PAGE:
landmark same-gender PoSH case

Everything you need to know about the landmark same-gender PoSH case

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A few weeks ago, the Calcutta High Court passed a landmark judgement regarding sexual harassment. 

In the case of Dr Malabika Bhattacharjee v Internal Complaints Committee, Vivekananda College, the court declared that same-gender complaints are valid under the Sexual Harassment of Women at Workplace (Prevention, Prohibition and Redressal) Act, 2013, commonly referred to as the PoSH Act.

Let’s find out more about what the case was, how the court reached its judgement, and what this means for workplace safety. 

same-gender complaints

What is the PoSH act?

The POSH Act was enacted in 2013 with the objective of preventing and protecting women against workplace sexual harassment. The Act also ensures that any harassment complaint is effectively redressed.

The Act defines sexual harassment as any unwanted sexual conduct which demeans, humiliates or creates a hostile and intimidating environment and induces submission by actual or threatened adverse consequences. 

Such acts include: 

– Unwelcome physical, verbal, or non-verbal conduct of sexual nature 

– Demand or request for sexual favours

– Making sexually colored remarks

– Physical contact and advances

– Showing pornography

– Promise of preferential treatment in return for sexual favours

– Threat of detrimental treatment

– Threat about the present or future status of the person

– Creating an intimidating, offensive, or hostile learning environment

– Humiliating treatment likely to affect the health, safety dignity or physical integrity of the person

In 2016, University Grants Commission (Prevention, prohibition and redressal of sexual harassment of women employees and students in higher educational institutions) Regulations, 2015 was notified by the University Grants Commission under the Ministry of Human Resource Development. This means that the PoSH law is also applicable to all higher educational institutions in India.

About the case

This case was a writ petition which challenged the action of Vivekananda college’s Internal Complaints Committee which accepted a complaint of sexual harassment against the petitioner. The petition maintained that entertaining the complaint was not lawful as both the complainant and the respondent belonged to the same gender. 

Advocate Soumya Majumder, the petitioner’s counsel, argued that the PoSH Act was not created to address same-gender complaints. But Advocate Kallol Basu, the private respondent’s counsel, referred to the UGC Act to argue that the regulations are broad enough to cover allegations of same-gender sexual harassment too.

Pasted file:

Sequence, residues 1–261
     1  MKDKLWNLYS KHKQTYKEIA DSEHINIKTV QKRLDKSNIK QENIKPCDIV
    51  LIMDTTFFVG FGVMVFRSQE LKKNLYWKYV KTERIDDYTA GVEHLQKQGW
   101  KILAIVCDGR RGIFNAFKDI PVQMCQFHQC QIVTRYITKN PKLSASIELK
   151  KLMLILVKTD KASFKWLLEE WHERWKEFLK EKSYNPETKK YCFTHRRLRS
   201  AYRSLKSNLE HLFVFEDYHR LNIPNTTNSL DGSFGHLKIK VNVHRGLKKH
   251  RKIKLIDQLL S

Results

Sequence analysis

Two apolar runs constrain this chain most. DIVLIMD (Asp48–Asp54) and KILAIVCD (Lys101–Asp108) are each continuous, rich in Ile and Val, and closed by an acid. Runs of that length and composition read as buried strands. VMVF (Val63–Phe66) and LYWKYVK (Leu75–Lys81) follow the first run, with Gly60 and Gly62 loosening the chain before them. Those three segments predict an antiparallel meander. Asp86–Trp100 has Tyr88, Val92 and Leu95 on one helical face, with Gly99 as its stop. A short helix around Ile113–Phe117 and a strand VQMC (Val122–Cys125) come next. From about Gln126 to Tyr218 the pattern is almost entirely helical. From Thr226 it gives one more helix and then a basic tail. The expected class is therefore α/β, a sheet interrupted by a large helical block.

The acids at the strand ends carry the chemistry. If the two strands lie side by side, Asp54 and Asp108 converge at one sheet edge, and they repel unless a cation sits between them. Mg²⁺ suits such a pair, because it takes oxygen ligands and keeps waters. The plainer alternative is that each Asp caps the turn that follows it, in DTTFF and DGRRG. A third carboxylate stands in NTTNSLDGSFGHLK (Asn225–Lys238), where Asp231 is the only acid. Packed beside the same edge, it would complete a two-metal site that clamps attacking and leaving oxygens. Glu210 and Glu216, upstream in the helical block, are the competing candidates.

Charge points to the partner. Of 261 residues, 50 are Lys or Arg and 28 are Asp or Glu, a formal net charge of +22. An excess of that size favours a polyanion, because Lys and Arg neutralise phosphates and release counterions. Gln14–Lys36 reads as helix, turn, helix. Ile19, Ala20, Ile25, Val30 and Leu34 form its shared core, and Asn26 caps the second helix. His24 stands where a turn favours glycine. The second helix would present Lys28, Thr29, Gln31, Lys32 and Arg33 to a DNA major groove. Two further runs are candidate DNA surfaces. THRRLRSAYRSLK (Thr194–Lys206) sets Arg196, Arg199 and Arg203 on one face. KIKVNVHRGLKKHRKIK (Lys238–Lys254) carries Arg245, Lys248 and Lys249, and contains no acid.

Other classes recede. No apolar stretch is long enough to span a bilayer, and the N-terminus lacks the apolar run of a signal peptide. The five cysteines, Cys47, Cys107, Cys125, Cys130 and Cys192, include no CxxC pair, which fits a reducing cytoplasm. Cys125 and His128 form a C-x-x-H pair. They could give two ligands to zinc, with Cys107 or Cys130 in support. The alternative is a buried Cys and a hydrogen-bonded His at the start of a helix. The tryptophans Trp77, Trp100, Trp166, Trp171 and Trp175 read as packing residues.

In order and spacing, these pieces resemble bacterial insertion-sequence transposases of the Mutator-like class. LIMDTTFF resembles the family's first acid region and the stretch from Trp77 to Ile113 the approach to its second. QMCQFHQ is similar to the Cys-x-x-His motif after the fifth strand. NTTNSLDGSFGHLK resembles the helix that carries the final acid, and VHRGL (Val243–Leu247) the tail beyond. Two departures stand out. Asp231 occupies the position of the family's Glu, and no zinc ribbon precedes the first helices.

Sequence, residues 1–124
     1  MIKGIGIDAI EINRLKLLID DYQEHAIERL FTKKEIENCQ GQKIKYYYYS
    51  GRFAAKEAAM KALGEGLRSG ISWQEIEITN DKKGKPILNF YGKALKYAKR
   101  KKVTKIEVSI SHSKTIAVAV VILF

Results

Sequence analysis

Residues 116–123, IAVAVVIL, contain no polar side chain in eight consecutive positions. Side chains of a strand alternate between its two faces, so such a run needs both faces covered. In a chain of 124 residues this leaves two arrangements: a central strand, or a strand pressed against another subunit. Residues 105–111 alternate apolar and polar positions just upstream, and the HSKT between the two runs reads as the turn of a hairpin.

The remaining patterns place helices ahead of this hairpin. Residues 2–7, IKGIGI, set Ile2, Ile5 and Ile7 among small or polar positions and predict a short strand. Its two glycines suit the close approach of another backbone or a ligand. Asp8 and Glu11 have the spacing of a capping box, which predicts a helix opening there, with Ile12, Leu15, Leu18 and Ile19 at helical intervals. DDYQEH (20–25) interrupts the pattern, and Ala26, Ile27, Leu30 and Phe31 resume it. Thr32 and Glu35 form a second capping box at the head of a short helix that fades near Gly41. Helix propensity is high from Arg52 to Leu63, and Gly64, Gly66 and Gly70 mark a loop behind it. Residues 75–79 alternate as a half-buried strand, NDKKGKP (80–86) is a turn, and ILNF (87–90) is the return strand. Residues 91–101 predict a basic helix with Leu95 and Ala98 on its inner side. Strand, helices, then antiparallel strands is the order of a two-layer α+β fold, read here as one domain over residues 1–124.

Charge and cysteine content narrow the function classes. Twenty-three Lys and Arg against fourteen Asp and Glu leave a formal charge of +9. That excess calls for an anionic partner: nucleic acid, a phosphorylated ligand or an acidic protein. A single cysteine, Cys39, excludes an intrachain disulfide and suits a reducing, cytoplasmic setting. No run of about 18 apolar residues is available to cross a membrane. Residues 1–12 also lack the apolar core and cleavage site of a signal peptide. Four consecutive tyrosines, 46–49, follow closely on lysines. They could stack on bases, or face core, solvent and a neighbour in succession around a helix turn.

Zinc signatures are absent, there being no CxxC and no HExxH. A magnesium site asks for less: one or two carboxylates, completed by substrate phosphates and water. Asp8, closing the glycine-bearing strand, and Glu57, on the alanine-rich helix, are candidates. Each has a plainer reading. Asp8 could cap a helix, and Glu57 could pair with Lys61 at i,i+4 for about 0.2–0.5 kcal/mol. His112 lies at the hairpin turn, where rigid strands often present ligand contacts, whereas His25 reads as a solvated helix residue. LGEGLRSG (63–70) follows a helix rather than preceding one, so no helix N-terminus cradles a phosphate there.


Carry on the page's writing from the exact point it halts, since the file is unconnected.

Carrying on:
The Court also observed that Section 2(m) of the 2013 Act shows that the term “respondent” refers to “a person”, which includes people of all genders.

How did the court come to its conclusion?

Though the High Court agreed with the petitioner’s argument that the definition of ‘respondent’ has to be read with the rest of the statute, it said that “there is nothing in Section 9 of the 2013 Act to preclude a same-gender complaint under the Act”.

The court went on to say that although it is a bit odd to hear complaints of sexual harassment within the same gender, it is not improbable. Especially given how dynamic the Indian society is, and how even same-gender marriages are sought to be legalized, Indian citizens should be protected against same-gender sexual harassment too.

Sexual harassment is not a static concept

The Court also noted that the definition of “sexual harassment” cannot be a static concept but has to be interpreted against the backdrop of the social perspective.

Sexual harassment, as contemplated in the 2013 Act, pertains to the dignity of a person regarding her/his gender and sexuality. This does not mean that a person cannot hurt the modesty or dignity of someone of the same gender.

“A person of any gender may feel threatened and sexually harassed when her/his modesty or dignity as a member of the said gender is offended by any of the acts, as contemplated in Section2(n), irrespective of the sexuality and gender of the perpetrator of the act,” the Court added.

This thoughtful, progressive, and deeply humane judgement is great news as it signals an evolving, inclusive, and robust legislature!


The above insights are a product of our learning and advisory at Lawcubator. Write to us at support@lawcubator.com for queries, feedback or consultation of PoSH.

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